Tag: whole grains

10 Main Dishes Made With Whole Grains

by in Healthy Recipes, September 16, 2012

risotto
Celebrate Whole Grains Month this September by using more as your main meal. Quinoa, brown rice, whole-grain pasta, barley, and bulgur – dig into these mouthwatering whole grain recipes.

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Healthy Every Week Challenge: Eat More Whole-Grains Wrap Up

by in Uncategorized, January 19, 2012

popcorn
We’re teaming up with fellow food bloggers and healthy eating advocates to host a Healthy Every Week Challenge, a month-long initiative to develop healthy eating habits. The plan is to develop a manageable healthy habit each week that will carry through the new year. Join us here and share what you’re eating on Facebook and Twitter with the hashtag #gethealthy.

Quite possibly the best news of the week for the healthy challengers: Corn is a whole-grain. And so popcorn is a whole-grain. Air-popped is best, and of course with minimal butter/oil on it (but sprinkle liberally with cinnamon or spices!), but yes, eat some air-popped popcorn for a snack, and you’ve fulfilled week 2′s challenge of eating your whole grains. But the challenge participants didn’t limit their grain selection to just corn — oatmeal played a big role, as did whole-wheat flours, whole-wheat pasta, brown rice and wheat berries. What was the best grain, or form of whole grains that you ate this week? After the jump, check out a round-up of our challenge participants’ blog posts about whole grain week.

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Weekend Cooking: Make a Whole-Grain Treat Today, Snack on Leftovers Next Week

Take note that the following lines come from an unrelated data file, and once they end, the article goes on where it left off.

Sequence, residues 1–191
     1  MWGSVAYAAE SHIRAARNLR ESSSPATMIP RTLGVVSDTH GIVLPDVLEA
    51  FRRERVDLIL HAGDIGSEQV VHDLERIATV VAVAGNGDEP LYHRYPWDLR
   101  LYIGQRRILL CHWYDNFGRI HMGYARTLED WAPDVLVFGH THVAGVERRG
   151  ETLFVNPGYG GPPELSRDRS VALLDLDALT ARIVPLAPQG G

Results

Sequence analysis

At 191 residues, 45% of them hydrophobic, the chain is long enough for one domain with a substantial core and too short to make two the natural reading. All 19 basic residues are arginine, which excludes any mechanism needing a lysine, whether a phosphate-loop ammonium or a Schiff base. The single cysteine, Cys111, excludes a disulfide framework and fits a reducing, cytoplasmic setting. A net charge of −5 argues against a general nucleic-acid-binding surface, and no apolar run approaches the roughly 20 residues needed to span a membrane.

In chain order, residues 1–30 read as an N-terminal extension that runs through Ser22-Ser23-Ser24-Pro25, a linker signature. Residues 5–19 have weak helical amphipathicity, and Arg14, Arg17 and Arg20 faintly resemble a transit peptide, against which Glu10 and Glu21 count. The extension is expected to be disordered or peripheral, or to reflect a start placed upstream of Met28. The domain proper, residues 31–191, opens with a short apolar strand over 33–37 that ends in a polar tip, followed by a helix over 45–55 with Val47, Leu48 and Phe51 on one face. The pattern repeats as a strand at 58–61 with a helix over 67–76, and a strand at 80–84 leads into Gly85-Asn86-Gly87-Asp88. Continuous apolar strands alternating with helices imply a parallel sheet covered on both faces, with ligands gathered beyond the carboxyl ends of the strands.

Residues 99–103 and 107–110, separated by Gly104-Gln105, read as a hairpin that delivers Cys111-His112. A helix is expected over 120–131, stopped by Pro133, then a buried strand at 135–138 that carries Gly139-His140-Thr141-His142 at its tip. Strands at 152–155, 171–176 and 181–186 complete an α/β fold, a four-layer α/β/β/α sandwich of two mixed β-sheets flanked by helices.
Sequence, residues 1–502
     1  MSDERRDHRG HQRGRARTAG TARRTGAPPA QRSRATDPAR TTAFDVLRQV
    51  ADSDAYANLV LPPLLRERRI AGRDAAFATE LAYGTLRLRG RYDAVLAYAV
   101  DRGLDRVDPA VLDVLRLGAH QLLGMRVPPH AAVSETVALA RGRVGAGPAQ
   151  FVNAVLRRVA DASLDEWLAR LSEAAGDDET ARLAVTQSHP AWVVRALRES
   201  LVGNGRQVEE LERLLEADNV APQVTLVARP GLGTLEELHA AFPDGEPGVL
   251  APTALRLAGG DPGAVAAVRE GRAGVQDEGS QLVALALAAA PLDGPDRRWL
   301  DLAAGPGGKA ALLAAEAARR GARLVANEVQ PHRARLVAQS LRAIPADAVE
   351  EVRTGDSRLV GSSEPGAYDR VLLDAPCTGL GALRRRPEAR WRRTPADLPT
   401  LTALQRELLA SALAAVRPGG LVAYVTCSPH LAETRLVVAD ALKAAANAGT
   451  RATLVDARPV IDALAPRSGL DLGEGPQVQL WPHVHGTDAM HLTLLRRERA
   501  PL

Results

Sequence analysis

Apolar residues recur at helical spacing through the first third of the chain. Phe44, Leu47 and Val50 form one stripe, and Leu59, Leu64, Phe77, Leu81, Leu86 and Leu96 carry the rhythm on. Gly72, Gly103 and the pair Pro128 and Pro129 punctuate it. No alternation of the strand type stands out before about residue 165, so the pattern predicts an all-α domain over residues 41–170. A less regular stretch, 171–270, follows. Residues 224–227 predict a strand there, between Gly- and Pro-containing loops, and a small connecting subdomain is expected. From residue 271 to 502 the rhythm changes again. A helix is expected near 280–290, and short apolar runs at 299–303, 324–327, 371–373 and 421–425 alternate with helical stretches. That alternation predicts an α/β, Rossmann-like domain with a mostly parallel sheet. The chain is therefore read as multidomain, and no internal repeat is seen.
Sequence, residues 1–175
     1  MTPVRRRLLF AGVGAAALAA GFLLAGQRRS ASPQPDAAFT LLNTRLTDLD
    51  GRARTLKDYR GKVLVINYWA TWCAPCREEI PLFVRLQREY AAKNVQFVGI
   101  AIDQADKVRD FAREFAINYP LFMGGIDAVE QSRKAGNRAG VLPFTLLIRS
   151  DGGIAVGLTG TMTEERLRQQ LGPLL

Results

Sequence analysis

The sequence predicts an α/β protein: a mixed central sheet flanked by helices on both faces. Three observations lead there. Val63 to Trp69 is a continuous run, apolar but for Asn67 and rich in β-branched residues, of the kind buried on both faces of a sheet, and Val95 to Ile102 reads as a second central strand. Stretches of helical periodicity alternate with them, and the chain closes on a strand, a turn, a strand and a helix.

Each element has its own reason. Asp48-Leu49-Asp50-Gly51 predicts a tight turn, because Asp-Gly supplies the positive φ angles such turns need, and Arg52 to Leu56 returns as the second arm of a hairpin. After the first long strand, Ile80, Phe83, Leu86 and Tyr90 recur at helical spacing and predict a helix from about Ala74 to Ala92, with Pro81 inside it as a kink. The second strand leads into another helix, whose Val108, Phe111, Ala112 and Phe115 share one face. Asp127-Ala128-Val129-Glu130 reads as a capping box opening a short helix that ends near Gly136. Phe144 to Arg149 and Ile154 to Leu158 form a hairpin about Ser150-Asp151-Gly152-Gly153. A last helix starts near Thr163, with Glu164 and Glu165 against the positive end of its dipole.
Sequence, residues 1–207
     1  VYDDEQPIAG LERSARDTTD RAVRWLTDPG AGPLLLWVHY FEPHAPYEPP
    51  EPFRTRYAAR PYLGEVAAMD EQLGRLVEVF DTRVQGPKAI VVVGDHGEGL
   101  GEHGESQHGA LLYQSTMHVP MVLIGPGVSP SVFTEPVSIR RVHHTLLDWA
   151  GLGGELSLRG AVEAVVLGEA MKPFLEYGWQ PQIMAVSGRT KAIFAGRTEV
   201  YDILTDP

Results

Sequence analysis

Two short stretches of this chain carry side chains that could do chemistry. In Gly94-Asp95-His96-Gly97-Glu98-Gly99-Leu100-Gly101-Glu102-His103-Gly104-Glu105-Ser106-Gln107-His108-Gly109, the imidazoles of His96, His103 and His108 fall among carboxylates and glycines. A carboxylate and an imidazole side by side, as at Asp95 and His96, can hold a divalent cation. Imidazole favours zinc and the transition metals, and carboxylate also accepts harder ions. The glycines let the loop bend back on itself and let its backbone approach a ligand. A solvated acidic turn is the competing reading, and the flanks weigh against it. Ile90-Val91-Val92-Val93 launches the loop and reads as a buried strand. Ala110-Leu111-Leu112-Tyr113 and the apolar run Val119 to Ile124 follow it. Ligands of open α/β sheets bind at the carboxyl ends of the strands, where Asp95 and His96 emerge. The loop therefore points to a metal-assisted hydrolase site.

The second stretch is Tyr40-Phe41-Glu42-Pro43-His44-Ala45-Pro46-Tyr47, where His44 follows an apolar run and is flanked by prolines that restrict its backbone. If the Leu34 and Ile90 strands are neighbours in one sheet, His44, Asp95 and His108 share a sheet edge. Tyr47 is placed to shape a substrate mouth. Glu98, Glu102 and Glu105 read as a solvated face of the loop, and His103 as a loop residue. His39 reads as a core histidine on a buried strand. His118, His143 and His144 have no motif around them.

by in Uncategorized, January 14, 2012
oatmeal cookies
These cookies are packed with whole-grains.

We’re teaming up with fellow food bloggers and healthy eating advocates to host a Healthy Every Week Challenge, a month-long initiative to develop healthy eating habits. The plan an is to develop a manageable healthy habit each week that will carry through the new year. Join us here and share what you’re eating on Facebook and Twitter with the hashtag #gethealthy.

There’s generally more time on weekends for bigger cooking and baking projects — a Tuesday night isn’t usually ideal for experimenting with homemade pasta or learning to make ice cream from scratch. So when you do have extra time on the weekend, pick something that’s maybe a bit more adventurous or time-consuming, but that also makes great leftovers for the busy week ahead. If you make pancakes or waffles this weekend, make a few extra and stick them in the freezer. If you make a pot of soup or chili, freeze single servings in freezer bags; move a portion from the freezer to the fridge at night and by lunchtime the next day it’ll be ready to heat and eat. If you’re in the mood for something sweet, make a whole-grain-packed treat that will satisfy your cravings this weekend, and that you can eat for a snack during the busy week to come.